Lioness: Hidden Treasures: Amy Winehouse’s Oft Forgotten Post-Mortem Record

While Amy Winehouse’s musical legacy is by no stretch of the imagination underrated (particularly after the recent release of Asif Kapadia’s documentary, Amy), her posthumous final album, Lioness: Hidden Treasures, tends to be overlooked in her canon of work as an overt attempt by record label executives to profit from her death. But the album is so much more than that–a rich aural study in the culmination of Winehouse finding herself outside of the pain and agony of the lyrics that made her sophomore effort, Back to Black, so immensely relatable to a mass audience. It was, in fact, the closest she got to proving that she was capable of even more than her 2006 titan of a record.

Released on December 2, 2011, almost five full months after Winehouse was found dead from alcohol poisoning in her Camden apartment, Lioness: Hidden Treasures reached number one in Britain on the UK Albums Chart and number five in the U.S. on the Billboard Top 200 Albums Chart. While this seemingly positive reception based on sales would lead one to believe that the record was given its due reverence, there can be no denying that the public interest in it was largely driven by her premature death.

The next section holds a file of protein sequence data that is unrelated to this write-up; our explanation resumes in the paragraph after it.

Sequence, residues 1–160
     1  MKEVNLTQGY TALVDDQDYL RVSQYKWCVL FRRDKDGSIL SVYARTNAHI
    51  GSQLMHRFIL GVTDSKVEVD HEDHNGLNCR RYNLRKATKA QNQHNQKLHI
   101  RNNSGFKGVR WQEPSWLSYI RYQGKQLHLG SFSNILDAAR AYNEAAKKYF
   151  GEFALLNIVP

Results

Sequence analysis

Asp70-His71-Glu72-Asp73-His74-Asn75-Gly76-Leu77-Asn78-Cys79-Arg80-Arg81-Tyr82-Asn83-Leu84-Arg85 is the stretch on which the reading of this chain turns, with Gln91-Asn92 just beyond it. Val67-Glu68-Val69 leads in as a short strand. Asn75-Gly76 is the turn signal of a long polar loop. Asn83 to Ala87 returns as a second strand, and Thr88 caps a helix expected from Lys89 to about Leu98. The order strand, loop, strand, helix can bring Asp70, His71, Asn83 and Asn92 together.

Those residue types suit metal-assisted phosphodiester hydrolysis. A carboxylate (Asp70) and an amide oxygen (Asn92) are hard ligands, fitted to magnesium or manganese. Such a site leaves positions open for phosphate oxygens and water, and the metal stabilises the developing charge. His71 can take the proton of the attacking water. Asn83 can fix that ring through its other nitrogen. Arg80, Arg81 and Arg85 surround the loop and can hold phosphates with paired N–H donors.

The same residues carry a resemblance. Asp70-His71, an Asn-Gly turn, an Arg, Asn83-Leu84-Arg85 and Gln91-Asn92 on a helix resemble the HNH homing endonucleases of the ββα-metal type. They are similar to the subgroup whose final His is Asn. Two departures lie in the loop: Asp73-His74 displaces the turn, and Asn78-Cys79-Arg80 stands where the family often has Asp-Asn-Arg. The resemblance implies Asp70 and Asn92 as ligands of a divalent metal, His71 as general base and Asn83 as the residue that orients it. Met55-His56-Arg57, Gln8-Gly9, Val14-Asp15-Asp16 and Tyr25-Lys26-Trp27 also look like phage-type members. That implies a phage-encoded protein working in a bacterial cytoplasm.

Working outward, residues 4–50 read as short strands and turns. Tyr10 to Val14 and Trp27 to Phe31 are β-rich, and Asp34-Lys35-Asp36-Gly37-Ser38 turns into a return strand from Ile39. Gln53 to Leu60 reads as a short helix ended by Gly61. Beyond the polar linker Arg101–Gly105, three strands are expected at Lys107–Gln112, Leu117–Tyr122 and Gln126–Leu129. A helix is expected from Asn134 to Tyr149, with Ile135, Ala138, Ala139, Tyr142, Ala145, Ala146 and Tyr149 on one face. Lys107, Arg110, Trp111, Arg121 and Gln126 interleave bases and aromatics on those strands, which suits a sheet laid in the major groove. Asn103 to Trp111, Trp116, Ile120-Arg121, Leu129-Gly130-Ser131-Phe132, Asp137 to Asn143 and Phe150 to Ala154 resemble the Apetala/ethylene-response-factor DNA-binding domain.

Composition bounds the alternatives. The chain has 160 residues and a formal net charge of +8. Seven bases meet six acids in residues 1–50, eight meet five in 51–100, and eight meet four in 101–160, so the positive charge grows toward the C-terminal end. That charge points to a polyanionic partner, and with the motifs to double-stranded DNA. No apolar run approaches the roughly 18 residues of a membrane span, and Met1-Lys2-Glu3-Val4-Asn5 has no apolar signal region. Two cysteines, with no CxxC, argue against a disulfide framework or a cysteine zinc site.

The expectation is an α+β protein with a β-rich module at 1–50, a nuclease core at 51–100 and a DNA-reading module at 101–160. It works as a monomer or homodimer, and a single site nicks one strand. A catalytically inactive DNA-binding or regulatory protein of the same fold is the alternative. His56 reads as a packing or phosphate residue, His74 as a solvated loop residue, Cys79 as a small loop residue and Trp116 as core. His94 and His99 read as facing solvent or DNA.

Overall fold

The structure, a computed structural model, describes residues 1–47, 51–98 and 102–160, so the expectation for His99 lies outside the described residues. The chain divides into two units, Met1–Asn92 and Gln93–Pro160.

With the combined efforts of Winehouse’s most beloved producers, Salaam Remi and Mark Ronson, Lioness: Hidden Treasures was given a cohesive sound and feel in spite of most of the tracks being culled from different eras of Winehouse’s career. Even though the first single, “Body and Soul,” was created as a duet for Tony Bennett’s Duets II, which came out on September 20, 2011–six days after what would have been Winehouse’s twenty-eighth birthday–and charted at a mere number 87 on the Billboard Hot 100, it was nonetheless an impressive feat not only because it made Bennett one of the oldest artists to appear on this form of the top 100, but also because the soulful style of music that characterizes “Body and Soul” isn’t generally something one associates with being fit for commercial consumption. Even so, the interest in and zeal for Winehouse worked in the song’s favor.

The second and last single off of, Lioness, “Our Day Will Come,” was originally recorded during the Frank era of Winehouse’s career. The remake, which was first released in 1963 by Ruby & the Romantics, emphasizes the old soul aura that Winehouse conveys in all of her remakes of seminal 60s tracks. Another such example of this on Lioness: Hidden Treasures is Winehouse’s rendering of The Shirelles’ 1960 classic, “Will You Still Love Me Tomorrow?” Lending the song her own distinct take, Winehouse offers a new level of earnestness to it, paired with her own brand of sultriness.

Her other classic cover on Lioness, “The Girl From Ipanema,” a bossa nova staple that came out in 1964, showcases Winehouse’s aptitude for scatting, just as she did for the intro to the first track on Frank, “Stronger Than Me.” Again she transforms a 60s standard into something all her own, recreating it in a manner that sounds both totally different while remaining faithful to the original’s aural integrity.